The Economics Student Handbook contains a wealth of information about economics at Amherst. If you are an economics major or are considering declaring the major, you should pick up a paper copy in the department office or look at the pdf version using the menu to the left.
We have also created a brief Advising Hub that condenses some of the most essential information about economics at Amherst into one short read. You can find it on the menu at the left.
To declare an economics major please see Amy Johnson in the Economics Department Office (306A Converse Hall). To process the paperwork, an unofficial transcript and declaration of major form are needed.
A major in economics comprises a sequence of courses that begins with Economics 111, a survey of current economic issues and problems and an introduction to the basic tools essential for all areas of economics. Economics 111 is a requisite for all other courses in economics; and for many courses there is no other requisite. After completing Economics 111 a student may enroll in any of a variety of applied courses. Students may be excused from the requirement of taking Economics 111 if they demonstrate an adequate understanding of basic economic principles. Four specific ways of being excused from the Economics 111 requirement are:
- Attaining a grade of 4 or 5 on both the macro and micro portion of the Advanced Placement Exam;
- Passing a placement exam that is given by the department typically at the beginning of each semester;
- Attaining a grade of 6 or 7 on the higher level International Baccalaureate in Economics.
- Attaining a grade of A on the A levels.
In addition to Economics 111, all majors must complete the sequence of core theory courses: Economics 300 or 301, 330 or 331, and 360 or 361. These courses can be taken in any order, but it is recommended that a student take Economics 300/301 or 330/331 before enrolling in Economics 360/361. In addition, it is not generally advisable to take more than one of the core theory courses in a given semester.
The Core. All majors must complete the sequence of core theory courses in microeconomics, macroeconomics, and econometrics: ECON 300 or 301, 330 or 331, and 360 or 361. We would like to provide some guidance regarding the core sequence. First, to ensure appropriate preparation, students must attain a grade of B or better in ECON 111/111E or a grade of B- or better in an elective (numbered 200-290) before taking a core theory course. Entering students who place out of ECON 111/111E may register for a core course with consent of the instructor. Second, these courses can be taken in any order, but it is recommended that a student take either ECON 300/301 or 330/331 before enrolling in ECON 360/361. Third, it is not generally advisable to take more than one of the core theory courses in a given semester. Fourth, students should make every effort to complete the sequence of core theory courses by the end of the Junior year, or at the very latest by the end of the 7th semester (usually the fall semester of senior year). Failure to do so jeopardizes a student’s chances of graduating with an economics major. Only in truly exceptional circumstances will exceptions be made to this rule. Fifth, a student who receives a grade of F in a core theory course must retake that core theory course. A student who receives a grade of D in a core theory course may not count that course towards the major and must take ECON 390 (a special topics course focusing on that area of core theory) and receive a grade of C- or better in that special topics course. Sixth, the core theory courses must be completed at Amherst. In cases where there is compelling pedagogical rationale, a student may be permitted to substitute one or two non-Amherst courses for the core courses. Such exceptions require a discussion with the Economics major advisor. Following the discussion, exceptions may be requested by written petition to the Department. Requests will be considered only if the request is submitted prior to initiating the course work.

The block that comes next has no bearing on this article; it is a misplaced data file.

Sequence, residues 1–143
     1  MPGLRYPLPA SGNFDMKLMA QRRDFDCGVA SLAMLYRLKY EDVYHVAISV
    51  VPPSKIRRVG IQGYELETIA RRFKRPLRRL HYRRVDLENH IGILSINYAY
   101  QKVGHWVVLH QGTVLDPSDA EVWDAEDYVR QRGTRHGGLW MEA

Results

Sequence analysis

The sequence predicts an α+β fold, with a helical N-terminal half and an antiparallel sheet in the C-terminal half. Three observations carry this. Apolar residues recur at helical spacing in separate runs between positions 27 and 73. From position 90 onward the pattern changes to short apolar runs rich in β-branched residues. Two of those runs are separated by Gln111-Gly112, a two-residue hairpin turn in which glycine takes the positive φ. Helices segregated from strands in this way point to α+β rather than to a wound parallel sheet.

Credit for Five College Courses: To receive elective credit for five college economics courses, the course must have a Economics 111/Introduction to Economics prerequisite. Please check with your advisor if you have questions about specific courses.
Credit for Study Abroad Courses: Courses taken abroad may be used as elective courses. Such non-Amherst courses must be taught in an economics department, and the student must receive one full Amherst College course credit for the work. For more detailed information, see the "Study Abroad" section in left-hand column of this page.
Transfer Credit: Students who transfer to Amherst and wish to receive credit towards the major requirements for previous work must obtain written permission from the Department Chair.
Each candidate for a degree in Economics is required to pass a written comprehensive examination that is typically taken at the beginning of the spring semester of the senior year. This is one reason why it is important to finish the three core classes by the end of the junior year.
Requirements for Declaring an Economics Major
In addition to the requirements described above, students must attain a grade of B or better in Economics 111 or a grade of B- or better in an Amherst College economics elective (numbered 200-290) before being allowed to register for a core course (numbered 300-361) or to add the economics major. Entering students who pass out of Economics 111 may register for a core course with consent of the instructor.
**Covid-19 NOTE: For F20 all declarations will be handled remotely. Please fill out and submit this Google Form with required documents to begin the declaration process**